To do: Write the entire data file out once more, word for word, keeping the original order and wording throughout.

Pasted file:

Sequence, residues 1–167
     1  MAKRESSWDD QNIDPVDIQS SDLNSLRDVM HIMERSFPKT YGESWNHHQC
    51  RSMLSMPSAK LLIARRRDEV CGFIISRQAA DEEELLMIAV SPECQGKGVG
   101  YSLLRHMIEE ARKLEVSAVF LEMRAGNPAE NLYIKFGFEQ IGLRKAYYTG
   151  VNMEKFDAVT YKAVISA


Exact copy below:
Sequence, residues 1–167
     1  MAKRESSWDD QNIDPVDIQS SDLNSLRDVM HIMERSFPKT YGESWNHHQC
    51  RSMLSMPSAK LLIARRRDEV CGFIISRQAA DEEELLMIAV SPECQGKGVG
   101  YSLLRHMIEE ARKLEVSAVF LEMRAGNPAE NLYIKFGFEQ IGLRKAYYTG
   151  VNMEKFDAVT YKAVISA